The committee recognizes that some of the information is already being reported by the majority of States through the National Child Abuse and Neglect Data System. In order to prevent duplication of efforts, the committee encourages the Secretary and the States to integrate the submission of data under this subsection with the ongoing data collection activity [NCANDS].... Furthermore, the committee encourages the Secretary to identify the most effective and efficient means for collecting other data items requested in the annual State data reports.
After reviewing the new data requirements and consulting with State representatives, the Children's Bureau determined that the most effective and efficient means for collecting the new data items would be to incorporate them into the Summary Data Component (SDC) of NCANDS, to which all States have been supplying data on an annual basis for the past seven years. This approach will build on the existing infrastructure for collecting and analyzing data, and will prevent any duplication of effort at the State or Federal level.
Beginning in January 1997, staff from the Children's Bureau held a series of discussions via telephone conference calls and meetings with members of the NCANDS State Advisory Group, the State Liaison Officers for Child Abuse and Neglect and other State representatives. These discussions focused on definitional issues for data elements listed in the statute and, given the variation in State CPS policy and practice, on ways to promote comparability of data submitted by the States. In the summer of 1997, a pilot test of a revised SDC data collection form, incorporating the new elements required by CAPTA, was conducted with a group of nine States. This pilot test helped to highlight additional issues in need of clarification. These issues were again addressed at the September 1997 meeting of the NCANDS State Advisory Group and in a subsequent conference call.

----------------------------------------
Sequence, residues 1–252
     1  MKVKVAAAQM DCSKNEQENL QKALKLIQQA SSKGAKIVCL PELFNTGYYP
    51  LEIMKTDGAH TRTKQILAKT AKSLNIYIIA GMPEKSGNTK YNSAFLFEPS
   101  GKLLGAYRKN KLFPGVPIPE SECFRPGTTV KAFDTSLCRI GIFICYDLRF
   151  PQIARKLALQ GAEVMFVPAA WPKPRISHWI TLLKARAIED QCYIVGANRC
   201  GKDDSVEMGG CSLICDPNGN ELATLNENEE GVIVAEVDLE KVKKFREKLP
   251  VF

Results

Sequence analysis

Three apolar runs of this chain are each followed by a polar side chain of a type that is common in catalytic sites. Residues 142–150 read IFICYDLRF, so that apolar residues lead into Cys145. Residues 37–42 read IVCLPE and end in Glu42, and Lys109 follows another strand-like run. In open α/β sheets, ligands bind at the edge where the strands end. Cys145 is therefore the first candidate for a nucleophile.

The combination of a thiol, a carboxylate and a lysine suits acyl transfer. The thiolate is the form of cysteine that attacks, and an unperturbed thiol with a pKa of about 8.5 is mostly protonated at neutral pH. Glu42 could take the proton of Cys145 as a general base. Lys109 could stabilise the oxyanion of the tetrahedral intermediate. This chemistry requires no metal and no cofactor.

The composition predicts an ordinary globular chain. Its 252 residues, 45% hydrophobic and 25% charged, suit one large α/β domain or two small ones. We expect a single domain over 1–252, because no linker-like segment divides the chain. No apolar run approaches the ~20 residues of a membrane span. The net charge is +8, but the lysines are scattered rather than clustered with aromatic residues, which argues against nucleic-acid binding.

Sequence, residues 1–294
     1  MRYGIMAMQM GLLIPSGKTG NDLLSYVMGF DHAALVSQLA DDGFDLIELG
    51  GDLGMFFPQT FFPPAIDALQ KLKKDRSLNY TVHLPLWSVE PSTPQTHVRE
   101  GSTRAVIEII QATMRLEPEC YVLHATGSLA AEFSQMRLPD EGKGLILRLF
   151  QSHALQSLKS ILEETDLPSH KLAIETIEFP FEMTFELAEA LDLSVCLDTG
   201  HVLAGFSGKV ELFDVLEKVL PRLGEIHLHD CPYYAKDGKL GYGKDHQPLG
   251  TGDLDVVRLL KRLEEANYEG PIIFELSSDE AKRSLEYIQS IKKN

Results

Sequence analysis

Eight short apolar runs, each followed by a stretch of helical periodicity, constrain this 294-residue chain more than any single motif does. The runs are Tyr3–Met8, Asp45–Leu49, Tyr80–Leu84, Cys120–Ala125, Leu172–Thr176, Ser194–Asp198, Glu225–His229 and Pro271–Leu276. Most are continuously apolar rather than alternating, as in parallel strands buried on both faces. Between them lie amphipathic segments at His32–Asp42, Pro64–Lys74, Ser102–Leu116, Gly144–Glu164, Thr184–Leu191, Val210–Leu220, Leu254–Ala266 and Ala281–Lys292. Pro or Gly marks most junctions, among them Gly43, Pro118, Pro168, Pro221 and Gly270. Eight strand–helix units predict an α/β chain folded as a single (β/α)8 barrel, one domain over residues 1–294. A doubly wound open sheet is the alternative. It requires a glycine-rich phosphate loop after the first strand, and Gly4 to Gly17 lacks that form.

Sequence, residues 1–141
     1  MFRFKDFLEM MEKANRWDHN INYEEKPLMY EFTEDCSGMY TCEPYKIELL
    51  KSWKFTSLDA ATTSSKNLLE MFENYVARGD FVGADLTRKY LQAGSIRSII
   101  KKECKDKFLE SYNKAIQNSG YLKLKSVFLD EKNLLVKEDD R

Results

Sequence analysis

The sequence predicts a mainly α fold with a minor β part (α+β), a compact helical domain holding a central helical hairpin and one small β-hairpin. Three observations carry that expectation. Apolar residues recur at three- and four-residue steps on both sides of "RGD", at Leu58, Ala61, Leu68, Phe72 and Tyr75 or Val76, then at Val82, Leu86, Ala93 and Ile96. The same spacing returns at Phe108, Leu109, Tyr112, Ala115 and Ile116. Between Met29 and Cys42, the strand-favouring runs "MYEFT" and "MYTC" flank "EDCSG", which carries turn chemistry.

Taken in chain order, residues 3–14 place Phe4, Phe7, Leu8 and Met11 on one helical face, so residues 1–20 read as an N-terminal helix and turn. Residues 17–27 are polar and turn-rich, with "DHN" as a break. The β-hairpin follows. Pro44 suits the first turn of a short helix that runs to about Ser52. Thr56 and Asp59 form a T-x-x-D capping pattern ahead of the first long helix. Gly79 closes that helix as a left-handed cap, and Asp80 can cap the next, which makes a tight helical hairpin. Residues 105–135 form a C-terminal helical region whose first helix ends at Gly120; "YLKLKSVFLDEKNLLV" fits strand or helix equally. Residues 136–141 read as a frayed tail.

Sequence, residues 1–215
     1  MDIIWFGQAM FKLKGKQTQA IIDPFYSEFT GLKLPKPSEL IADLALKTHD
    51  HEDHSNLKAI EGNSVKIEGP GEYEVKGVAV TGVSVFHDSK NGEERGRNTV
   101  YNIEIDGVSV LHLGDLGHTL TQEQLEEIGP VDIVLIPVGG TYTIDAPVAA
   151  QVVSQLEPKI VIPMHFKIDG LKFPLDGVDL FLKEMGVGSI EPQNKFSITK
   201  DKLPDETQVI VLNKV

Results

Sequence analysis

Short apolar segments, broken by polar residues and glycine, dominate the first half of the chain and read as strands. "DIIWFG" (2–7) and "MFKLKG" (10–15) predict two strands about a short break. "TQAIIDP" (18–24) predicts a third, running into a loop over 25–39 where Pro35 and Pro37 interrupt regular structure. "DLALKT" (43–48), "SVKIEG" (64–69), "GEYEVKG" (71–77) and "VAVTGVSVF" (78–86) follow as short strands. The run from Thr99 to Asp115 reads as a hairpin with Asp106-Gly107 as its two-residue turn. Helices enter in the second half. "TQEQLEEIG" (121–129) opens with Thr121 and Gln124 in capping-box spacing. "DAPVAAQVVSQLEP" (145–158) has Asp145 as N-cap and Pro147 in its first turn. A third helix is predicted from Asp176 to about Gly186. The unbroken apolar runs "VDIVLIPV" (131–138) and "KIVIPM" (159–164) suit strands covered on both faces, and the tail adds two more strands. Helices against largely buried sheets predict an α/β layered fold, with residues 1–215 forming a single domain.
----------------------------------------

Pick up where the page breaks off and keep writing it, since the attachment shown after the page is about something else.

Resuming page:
INFORMATION: Based on the results of the pilot test and the series of consultations with the States, the Children's Bureau has now completed a revision of the SDC, and has initiated the process for seeking approval from the Office of Management and Budget (OMB) for the revised data collection instrument. In accordance with the requirements of the Paperwork Reduction Act of 1995, the Administration for Children and Families published a notice in the Federal Register on January 9, 1998 (See Attachment) soliciting comments from the public on the proposed revision of this information collection. Consideration will be given to comments and suggestions on the proposed information collection received within 60 days of the publication of the notice in the Federal Register (i.e., by March 10, 1998). To obtain a copy of the proposed information collection form or to submit comments, States should contact:
All requests should be identified with the title of the proposed information collection, "The Summary Data Component of the National Child Abuse and Neglect Data System."
Subject to the approval of the OMB, the States will be required, to the maximum extent practicable, to report the new data elements with the submission of the 1997 SDC. (The States are not required to submit these data with the State plan update required by June 30, 1998.) We currently anticipate that data collection forms will be mailed to the States in June, 1998. To assist the States in submitting data in response to the revised form, one representative from each State will be invited to attend a technical assistance meeting in the Washington, D.C. area on May 12 - 13, 1998. Additional information on this meeting will be sent under separate cover.
James A. Harrell
Attachment - [Federal Register: January 9, 1998 (Volume 63, Number 6)]: Proposed Information Collection Activity; Comment Request